In the case at bar the reply of instant concern was not as harmful and accusatory as the statement in the Emerson case.
In the instant case the guilt of the defendant as charged was established by undisputed evidence.
We are clear to the conclusion that the jury was in no manner influenced in their verdict by the voluntary statement of the officer.
Counsel also argues that the holdings in the cases of Cobb v. State, 20 Ala. App. 542, 103 So. 387, and Mitchell v. State, 22 Ala. App. 300, 115 So. 149, if followed, would necessitate a reversal of the judgment below in the instant case.
We think that because of the distinguishing factual features these authorities are not analogous and do not form a basis for any authoritative value in the matter we are now reviewing.
During the argument to the jury appellant's attorney "read a book to the jury." The court sustained the position of the solicitor that this was not proper. From the judge's comments we conclude that counsel was reading from some reported opinion of an appellate court.
In the early case of Harrison v. State, 78 Ala. 5, the Supreme Court held in effect that the jury should receive the law from instructions by the court and that the presiding judge is clothed with discretionary power to require all legal propositions and principles to be presented to the court and not to the jury. See also, Williams v. State, 83 Ala. 68, 3 So. 743; Ex parte Hill (City of Tuscaloosa v. Hill), 194 Ala. 559, 69 So. 598; Davis v. State, 213 Ala. 541, 105 So. 677; Birmingham Electric Co. v. Wood, 222 Ala. 103, 130 So. 786; Louisville N. R. Co. v. Atkinson, 20 Ala. App. 620, 104 So. 835.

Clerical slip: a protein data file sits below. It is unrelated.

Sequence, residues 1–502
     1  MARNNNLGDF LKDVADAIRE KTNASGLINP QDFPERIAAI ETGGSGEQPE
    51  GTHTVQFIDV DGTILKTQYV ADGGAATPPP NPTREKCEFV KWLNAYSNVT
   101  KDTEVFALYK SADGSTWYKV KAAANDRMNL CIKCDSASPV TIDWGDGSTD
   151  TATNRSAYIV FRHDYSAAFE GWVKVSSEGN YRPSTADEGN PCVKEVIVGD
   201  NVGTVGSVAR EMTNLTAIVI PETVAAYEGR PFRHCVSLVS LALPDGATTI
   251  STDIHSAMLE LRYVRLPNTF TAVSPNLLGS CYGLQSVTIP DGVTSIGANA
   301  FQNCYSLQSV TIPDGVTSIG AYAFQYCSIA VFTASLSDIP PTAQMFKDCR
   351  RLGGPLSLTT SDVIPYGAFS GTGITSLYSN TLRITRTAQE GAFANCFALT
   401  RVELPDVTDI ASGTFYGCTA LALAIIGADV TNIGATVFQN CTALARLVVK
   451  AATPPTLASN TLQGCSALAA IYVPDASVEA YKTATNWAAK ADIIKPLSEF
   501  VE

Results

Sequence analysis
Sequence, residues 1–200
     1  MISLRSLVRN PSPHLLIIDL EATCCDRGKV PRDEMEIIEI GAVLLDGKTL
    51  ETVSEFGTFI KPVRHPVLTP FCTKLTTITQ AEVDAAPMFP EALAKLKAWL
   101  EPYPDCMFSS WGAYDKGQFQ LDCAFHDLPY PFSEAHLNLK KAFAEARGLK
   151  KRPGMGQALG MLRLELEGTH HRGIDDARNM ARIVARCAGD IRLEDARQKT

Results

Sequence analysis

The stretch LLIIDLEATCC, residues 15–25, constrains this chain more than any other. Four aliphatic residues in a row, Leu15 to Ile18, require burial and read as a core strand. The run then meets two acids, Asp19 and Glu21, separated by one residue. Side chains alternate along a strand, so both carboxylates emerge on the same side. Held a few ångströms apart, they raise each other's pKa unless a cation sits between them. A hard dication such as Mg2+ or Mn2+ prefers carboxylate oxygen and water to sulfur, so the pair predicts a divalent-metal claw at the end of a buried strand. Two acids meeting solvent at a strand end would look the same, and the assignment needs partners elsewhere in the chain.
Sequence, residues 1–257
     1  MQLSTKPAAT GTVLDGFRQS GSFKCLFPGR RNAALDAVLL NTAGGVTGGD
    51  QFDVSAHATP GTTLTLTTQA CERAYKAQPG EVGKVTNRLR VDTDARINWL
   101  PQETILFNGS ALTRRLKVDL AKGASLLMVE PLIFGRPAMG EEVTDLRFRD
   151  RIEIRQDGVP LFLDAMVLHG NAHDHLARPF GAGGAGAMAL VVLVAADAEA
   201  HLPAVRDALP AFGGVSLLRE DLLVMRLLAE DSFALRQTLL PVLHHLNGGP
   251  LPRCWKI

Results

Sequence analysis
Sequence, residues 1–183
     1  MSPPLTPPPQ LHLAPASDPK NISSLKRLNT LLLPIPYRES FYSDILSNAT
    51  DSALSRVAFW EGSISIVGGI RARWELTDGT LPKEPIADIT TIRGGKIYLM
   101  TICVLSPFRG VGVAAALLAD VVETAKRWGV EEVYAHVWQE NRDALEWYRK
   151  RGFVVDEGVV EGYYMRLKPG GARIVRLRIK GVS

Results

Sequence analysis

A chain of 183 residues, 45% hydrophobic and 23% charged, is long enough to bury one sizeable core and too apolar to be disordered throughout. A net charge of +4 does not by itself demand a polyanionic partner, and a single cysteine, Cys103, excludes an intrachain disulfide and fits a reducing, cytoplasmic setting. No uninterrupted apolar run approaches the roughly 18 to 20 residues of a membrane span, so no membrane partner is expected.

The court excluded from the jury a statement by appellant's attorney that the outboard motor and sugar found at the still place went to the A. B. C. Board. This assertion was not within the record evidence and was improper.
The record discloses this:
"Mr. Skidmore: We move again that the case be withdrawn from the Jury and a mistrial be granted in this case on the grounds that the Solicitor is over there patting the Juror on the knee caressing him. We would like for the record to show that he patted the Juror on the knee ingratiatingly.
"The Court: Overruled."
The writer does not profess to be an expert on caressing. From observation and limited experience, I have an idea that "caressing" implies more amorous fondling than one man patting another man on the knee. In any event the "patting" or "petting" all transpired in the presence of the trial judge.
In the case of Jones v. State, 21 Ala. App. 33, 104 So. 878, we did not term it "caressing", but we did express our disapproval of undue familiarity of counsel with the jurors while engaged in argument, and we said that "patting on the knee" came within this classification. We did not declare prejudicial error on account of this conduct. We take the same view in the instant case, but hold that it does not appear sufficiently certain that the accused was in any manner harmed by the incident.
The condemnation of the practice relates more to the dignity and decorous procedure of a trial than it does to the matter of attempting to court the favor of the juror.
The exceptions to excerpts from the court's oral charge must be reviewed in relation to and in connection with the entire charge. When this is done, we do not find any reversible error in the portions to which exceptions were directed. Mosley v. State, 241 Ala. 132, 1 So.2d 593; Hubbard v. State, 35 Ala. App. 211, 45 So.2d 795.
As we have indicated, the undisputed evidence pointed directly to the guilt of the defendant as charged. In this state of the record, there is no appropriate application for the doctrines set out in refused charges numbered 1, 2, and 3.
We do not find any reversible error in the record. The judgment of the court below is ordered affirmed.